Above, you will see the opening match of WWE's Smackdown World Tour's visit to the Westchester County Center in White Plains, NY. What you see here is a 12 man, Over-the -Top-Rope Battle Royal. The winner of this endeavor (who happened to be a gentleman named, Heat Slayer) got to fight Ezekiel Jackson for the WWE Intercontinental Championship.
I don't know how familiar you are with the WWE (World Wrestling Entertainment). I don't even know if anyone actually reads Slimbo's Shelf. I tend to think no one does, but if I do net a reader or two, I imagine him to be a beleaguered graduate student in the wee small hours, lusting after my pointless pontifications on unloved literature to complete some seemingly pointless assignment. (Well, I don't know if that's always the case, but for all you bastards in Warwickshire, UK who had to write about Heinrich Boll, you're welcome!).
So here I am: Slimbo - the lonely voice amid America's saturated fat of ignorance - the man all five of you have pinned your intellectual hopes upon. Now he has created a post on Vince McMahon's evil empire of gratuitous violence.
Well, not exactly. The truth is, my father took me to see wrestling (then called the 'WWF') at the Westchester County Center in 1983. I saw Jimmy 'Superfly' Snuka fight Don "Magnificent' Muroco and at that point, it was the highlight of my existence.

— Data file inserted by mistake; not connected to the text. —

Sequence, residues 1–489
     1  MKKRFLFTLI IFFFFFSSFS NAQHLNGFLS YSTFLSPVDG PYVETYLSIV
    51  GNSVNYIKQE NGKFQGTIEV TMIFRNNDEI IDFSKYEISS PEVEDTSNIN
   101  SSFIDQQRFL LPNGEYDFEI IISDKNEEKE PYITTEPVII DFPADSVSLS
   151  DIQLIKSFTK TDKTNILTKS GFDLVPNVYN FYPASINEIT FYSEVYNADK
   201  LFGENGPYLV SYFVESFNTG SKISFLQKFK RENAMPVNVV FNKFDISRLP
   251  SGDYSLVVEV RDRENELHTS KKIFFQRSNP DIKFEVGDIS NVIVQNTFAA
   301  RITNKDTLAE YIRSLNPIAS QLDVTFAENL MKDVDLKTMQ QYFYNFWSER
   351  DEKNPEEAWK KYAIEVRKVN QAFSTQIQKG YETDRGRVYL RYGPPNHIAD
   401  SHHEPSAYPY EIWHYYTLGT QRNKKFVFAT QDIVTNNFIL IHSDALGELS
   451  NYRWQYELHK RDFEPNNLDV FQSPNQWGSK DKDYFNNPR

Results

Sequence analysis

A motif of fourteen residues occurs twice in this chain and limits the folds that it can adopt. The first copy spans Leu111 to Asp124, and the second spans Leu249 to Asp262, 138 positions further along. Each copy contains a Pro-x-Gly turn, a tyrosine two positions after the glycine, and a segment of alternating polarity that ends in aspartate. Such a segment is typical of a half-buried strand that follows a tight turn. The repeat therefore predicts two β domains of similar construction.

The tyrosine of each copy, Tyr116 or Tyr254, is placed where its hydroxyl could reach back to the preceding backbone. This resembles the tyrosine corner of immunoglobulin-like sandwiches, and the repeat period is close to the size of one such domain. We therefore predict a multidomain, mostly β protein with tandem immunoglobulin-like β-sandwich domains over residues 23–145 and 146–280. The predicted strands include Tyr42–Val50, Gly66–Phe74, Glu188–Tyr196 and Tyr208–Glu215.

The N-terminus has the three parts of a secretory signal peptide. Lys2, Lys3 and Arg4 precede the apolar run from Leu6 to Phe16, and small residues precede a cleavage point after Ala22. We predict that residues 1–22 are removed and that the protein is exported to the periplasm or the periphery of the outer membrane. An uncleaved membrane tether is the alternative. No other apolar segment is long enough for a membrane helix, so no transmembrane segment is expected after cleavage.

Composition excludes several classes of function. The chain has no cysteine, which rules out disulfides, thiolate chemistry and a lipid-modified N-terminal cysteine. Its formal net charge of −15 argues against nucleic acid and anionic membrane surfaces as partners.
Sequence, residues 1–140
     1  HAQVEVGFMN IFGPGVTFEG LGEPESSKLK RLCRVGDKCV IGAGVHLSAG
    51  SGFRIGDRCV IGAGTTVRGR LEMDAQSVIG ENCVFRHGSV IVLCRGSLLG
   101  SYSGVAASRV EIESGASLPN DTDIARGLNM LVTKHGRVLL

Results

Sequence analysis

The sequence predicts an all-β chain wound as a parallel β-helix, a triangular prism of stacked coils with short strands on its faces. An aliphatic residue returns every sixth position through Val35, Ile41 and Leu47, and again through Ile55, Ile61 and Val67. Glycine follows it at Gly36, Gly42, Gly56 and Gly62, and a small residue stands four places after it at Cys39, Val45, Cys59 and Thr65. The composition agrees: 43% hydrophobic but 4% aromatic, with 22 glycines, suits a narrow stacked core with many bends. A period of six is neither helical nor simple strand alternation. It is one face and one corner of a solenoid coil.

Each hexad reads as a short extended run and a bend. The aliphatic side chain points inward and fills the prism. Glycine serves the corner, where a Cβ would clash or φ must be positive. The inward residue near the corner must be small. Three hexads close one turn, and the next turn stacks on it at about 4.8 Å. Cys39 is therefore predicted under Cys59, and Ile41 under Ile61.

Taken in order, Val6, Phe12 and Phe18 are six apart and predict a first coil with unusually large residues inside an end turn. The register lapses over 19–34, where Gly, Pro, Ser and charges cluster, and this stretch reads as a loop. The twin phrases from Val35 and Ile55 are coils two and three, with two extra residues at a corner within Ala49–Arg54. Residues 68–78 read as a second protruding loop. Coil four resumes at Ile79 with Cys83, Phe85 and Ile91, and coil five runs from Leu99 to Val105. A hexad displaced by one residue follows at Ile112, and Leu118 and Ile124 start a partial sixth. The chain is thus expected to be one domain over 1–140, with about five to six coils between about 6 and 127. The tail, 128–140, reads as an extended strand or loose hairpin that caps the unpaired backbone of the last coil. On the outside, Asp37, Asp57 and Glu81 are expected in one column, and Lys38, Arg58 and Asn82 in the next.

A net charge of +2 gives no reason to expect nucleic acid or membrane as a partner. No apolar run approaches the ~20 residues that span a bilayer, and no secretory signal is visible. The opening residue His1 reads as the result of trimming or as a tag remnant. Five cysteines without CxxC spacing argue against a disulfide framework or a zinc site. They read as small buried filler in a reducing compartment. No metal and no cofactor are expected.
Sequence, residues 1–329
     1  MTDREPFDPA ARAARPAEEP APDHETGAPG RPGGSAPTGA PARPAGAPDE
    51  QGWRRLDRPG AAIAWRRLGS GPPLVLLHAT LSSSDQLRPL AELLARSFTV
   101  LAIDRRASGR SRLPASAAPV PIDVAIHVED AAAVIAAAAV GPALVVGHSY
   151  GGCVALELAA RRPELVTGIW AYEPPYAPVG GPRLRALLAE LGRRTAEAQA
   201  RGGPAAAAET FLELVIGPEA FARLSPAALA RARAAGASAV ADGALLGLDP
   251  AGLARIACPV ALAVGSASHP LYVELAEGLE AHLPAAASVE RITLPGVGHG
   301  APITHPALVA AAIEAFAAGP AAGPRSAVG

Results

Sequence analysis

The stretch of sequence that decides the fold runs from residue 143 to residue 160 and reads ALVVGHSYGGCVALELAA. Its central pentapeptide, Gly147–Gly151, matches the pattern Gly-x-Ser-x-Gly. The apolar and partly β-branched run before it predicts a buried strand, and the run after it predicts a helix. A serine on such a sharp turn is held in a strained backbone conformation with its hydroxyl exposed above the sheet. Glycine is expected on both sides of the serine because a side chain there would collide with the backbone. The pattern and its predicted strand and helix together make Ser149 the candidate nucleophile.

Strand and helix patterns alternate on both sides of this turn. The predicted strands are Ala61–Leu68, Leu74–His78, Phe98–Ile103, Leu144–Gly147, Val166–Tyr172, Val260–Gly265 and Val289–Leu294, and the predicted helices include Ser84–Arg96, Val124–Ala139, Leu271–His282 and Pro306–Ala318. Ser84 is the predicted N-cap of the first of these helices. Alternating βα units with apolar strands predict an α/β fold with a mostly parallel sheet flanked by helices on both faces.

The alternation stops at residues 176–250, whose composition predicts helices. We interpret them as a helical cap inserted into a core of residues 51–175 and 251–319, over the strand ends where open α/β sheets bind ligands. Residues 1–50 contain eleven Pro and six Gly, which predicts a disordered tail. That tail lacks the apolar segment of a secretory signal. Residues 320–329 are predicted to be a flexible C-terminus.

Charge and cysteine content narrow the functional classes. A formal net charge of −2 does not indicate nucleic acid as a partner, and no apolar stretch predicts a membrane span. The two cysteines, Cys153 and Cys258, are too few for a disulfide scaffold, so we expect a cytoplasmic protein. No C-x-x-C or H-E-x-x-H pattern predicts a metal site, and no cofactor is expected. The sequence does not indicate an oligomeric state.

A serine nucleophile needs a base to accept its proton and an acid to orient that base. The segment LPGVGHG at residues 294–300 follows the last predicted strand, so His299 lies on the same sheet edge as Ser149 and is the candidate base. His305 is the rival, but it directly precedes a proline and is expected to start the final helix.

I'm entirely okay with my son watching wrestling. There is, ingrained in every boy's DNA, a need for superhero mythology. Wrestling takes comic books into three dimensional entities, offering a world where there are clear-cut good guys and villains who all battle out scripted bloodless bouts. If I had any complaint with today's incarnation of the WWE, it is that is that there are too many drama side stories and far too much pyrotechnics.
So our recent evening at the Westchester County Center offered a fantastic surprise. I should preface this by saying that the County Center is an ancient building holding only a few thousand seats. In light of the enormity of the WWE, I didn't expect they'd send any wrestlers of note for such a small venue. To my surprise, almost all their main headliners were there - Wade Barrett, Shamus, Ezekiel Jackson, Mark Henry, Heat Slayer and Ted DiBiassi Jr. The evening was capped off with a fantastically scripted match between WWE Heavyweight Champion Christian and the viscerally entertaining Randy Orton (Christian retained the title via disqualification).
But the greatest element of the evening was the simplicity of the setting. There were no excessive video screens and fireworks and the smallness of the venue forced the performers onto the audience. This was most satisfying with the villains whose sneers and shouts of 'shut up!' could be clearly felt by all. Mark Henry even ripped up a sign a small child had made while delivering a glare that could turn blood into ice. It was wonderful. I could close my eyes, and if only the air could have been filled with cigarette smoke, I'd have said it was 1983 all over again.